Live agents can also direct customers to sales pages, discounts, or even do things like check an order status without making the customer email your team. The more you allow these folks to handle directly, the happier your customers are going to be with the overall experience. Just don’t forget to train your support, whether it’s people or bots.
18. Launch traffic-heavy channels
There are also options for you to build your own channels within larger sites. We recommend you look at high-traffic options. The best example is Facebook, which makes it easy to create a store right on the social network. You can integrate it with most ecommerce platforms, so there’s minimal additional management. Plugins take care of deals as well as inventory counts and order generation, so most ecommerce companies get their new channel up and running very quickly.
19. Bundle when you can
You can improve sales and perhaps lift average order prices by pairing distinct groups of products together under a single SKU. These bundles or kits can increase profit when items are related, while also cutting shipping costs.
Use your existing customer data to find out what’s commonly purchased together and bundle those items. Customers love it, especially when they save money on things they were already going to buy.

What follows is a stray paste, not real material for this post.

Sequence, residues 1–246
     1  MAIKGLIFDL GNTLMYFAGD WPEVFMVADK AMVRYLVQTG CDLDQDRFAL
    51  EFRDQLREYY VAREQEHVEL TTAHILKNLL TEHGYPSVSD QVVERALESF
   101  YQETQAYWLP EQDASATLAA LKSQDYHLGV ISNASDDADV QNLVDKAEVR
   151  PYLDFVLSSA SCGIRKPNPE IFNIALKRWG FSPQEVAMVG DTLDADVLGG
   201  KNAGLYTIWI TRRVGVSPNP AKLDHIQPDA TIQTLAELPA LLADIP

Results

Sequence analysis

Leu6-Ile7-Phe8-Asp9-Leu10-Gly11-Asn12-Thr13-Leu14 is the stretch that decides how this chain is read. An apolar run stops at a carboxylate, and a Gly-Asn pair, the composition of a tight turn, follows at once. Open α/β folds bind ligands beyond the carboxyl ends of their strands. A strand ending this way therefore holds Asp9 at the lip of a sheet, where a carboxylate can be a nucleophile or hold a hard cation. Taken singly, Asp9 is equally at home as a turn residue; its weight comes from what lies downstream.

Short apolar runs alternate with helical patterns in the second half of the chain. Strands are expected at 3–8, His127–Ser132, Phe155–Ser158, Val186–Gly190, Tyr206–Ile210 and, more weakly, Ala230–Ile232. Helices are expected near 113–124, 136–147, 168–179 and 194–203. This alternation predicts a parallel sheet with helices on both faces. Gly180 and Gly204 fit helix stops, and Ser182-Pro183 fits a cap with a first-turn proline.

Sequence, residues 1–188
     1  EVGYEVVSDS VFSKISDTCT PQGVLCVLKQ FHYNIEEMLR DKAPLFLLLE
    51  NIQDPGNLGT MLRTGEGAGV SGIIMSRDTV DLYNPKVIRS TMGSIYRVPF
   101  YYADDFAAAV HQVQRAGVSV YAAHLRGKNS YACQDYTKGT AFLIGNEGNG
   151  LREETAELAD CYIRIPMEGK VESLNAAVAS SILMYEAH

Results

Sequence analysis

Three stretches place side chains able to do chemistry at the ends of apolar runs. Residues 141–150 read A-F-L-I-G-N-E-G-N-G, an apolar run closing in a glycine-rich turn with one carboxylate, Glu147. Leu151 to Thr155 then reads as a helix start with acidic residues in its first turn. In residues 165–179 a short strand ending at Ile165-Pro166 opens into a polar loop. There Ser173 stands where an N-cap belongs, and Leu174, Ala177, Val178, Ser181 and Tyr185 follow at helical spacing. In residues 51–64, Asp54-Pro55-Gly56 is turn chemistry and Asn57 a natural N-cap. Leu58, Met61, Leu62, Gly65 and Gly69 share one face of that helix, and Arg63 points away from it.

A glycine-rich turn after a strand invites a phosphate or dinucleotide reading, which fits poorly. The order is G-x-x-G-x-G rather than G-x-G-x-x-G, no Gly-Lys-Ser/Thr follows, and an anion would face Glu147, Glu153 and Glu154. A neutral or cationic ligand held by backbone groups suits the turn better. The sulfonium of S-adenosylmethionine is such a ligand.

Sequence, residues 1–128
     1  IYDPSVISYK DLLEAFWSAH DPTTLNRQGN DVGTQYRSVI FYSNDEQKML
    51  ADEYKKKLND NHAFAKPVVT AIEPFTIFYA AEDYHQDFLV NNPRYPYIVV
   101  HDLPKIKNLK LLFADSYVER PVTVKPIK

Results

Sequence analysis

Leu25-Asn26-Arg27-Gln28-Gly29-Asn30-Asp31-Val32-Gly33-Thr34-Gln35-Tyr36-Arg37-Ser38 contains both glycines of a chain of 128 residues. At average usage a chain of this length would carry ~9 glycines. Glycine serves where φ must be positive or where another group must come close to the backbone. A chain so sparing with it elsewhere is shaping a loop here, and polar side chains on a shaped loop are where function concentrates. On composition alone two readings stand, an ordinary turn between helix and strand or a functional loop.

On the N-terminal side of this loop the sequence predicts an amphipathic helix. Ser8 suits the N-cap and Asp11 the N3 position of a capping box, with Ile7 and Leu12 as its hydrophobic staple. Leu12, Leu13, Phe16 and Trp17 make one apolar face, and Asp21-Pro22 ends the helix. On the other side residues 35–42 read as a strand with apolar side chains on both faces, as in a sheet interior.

Or, if you have items that aren’t moving quickly, you can pair them with popular items at greatly reduced costs to get them out of the warehouse. Sometimes, it’s better for your bottom line to get rid of inventory that causes high, recurring storage costs and prevents you from ordering more of your most-popular items.
20. Be honest about shipping costs
Barilliance rates unexpected shipping costs as the number 1 reason potential customers leave without finishing the checkout process. It’ll scare away roughly 25%, rating as the most-likely cause for abandonment and having the most impact of any element it studied.
Tackle this in one of two ways. First, show full shipping costs as early in the process as possible. Be transparent and don’t hide requirements to hit “free” or other shipping options. If you have a threshold for free shipping, about 93% of your audience that hasn’t met it will add more things to their cart to do so.
The second is to make a certain type of shipping standard and free for your orders — two-day shipping is starting to dominant here. What you do instead is bake the cost of shipping into product pricing.
21. Give people shipping options